Speaking of Lift, Lift’s founder Laurent Haug has started a podcast/show I haven’t yet had time to catch up with (I’m dying to) called 3615 (reference to old French Minitel codes). It’s in French. I think it’s great that it’s in French. What’s it about? It basically calls itself “3615, the show that wonders if the 21st century is a good idea or not”. Neat.

Lift this year properly lifted me ;-). I feel excited about technology again: 3D printing for example, I’m actually very tempted to order a RepRap kit and build one for eclau. Or robots.

I’ve decided to take part in the next Lausanne StartupWeekend. It’s this coming week-end! There are still a few open spots if you want to sign up, by the way. Julien Dorra is the guilty one: his talk made me realize I’d love to take part in the kind of events he was talking about. Actually, I’ve been inspired more than once to organize hack-dayish events: Website Pro Day, World Wide Paperwork and Administrivia Day, and more recently (still at the idea stage) “important but not urgent” days for eclau. Basically, “let’s get together and do stuff”. I also find Addict Lab fascinating, even though I still (after a lunch with Jan) can’t quite wrap my brain completely around it.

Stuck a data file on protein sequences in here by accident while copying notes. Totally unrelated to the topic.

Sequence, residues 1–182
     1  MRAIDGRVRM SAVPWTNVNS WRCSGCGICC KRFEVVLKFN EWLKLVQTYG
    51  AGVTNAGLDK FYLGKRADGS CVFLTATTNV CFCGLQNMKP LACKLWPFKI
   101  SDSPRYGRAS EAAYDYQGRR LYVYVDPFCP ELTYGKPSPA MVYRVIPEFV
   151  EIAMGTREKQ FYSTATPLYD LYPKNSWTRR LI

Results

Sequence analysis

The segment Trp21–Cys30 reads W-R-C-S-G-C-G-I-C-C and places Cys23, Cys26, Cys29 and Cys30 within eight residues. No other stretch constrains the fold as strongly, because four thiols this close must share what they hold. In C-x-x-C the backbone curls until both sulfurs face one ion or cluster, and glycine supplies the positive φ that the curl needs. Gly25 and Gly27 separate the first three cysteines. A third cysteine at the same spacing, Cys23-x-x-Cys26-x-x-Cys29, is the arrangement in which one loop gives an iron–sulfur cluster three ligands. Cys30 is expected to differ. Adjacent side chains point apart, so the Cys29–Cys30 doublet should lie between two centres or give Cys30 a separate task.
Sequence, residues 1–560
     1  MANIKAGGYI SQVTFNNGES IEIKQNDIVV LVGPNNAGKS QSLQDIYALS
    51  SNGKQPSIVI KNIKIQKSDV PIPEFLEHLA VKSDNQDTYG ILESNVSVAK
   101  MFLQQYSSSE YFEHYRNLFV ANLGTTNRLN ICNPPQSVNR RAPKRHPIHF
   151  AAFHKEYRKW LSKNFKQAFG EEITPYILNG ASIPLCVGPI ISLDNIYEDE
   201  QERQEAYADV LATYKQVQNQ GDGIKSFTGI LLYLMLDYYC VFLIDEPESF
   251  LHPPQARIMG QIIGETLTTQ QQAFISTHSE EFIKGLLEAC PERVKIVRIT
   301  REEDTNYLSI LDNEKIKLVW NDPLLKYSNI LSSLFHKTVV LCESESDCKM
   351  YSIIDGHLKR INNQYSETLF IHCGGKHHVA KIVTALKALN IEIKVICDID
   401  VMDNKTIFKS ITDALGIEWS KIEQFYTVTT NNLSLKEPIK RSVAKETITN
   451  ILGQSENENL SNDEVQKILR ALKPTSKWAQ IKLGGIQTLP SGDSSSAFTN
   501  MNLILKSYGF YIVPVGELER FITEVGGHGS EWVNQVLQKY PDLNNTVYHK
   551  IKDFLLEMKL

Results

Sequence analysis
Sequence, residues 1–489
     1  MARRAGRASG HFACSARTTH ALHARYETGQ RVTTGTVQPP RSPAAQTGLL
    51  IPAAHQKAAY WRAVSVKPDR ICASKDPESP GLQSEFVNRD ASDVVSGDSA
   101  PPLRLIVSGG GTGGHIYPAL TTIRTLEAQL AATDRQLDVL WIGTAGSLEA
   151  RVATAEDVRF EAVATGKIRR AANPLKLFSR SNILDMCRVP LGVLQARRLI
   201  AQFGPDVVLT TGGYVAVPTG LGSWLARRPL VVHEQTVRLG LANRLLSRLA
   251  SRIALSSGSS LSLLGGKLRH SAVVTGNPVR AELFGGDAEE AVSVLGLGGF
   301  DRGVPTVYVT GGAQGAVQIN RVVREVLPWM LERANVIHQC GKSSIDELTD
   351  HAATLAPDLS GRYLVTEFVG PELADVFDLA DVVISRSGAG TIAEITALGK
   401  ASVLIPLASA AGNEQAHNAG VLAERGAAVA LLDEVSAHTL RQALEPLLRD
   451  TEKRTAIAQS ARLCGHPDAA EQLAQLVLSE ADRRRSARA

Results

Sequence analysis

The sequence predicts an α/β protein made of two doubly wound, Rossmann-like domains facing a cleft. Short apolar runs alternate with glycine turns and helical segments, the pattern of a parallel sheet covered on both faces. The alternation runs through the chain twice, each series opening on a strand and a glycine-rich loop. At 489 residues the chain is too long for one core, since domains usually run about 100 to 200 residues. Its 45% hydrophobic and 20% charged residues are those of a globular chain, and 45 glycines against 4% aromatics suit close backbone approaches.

I like playing with ideas and doing a variety of things. Maybe putting myself in the kind of context StartupWeekend offers will also help me understand better what it is that I do. Plus, it’s going to be great fun.

So, anyway, I’m going to StartupWeekend. I even have an idea to pitch (I think). Who else is coming?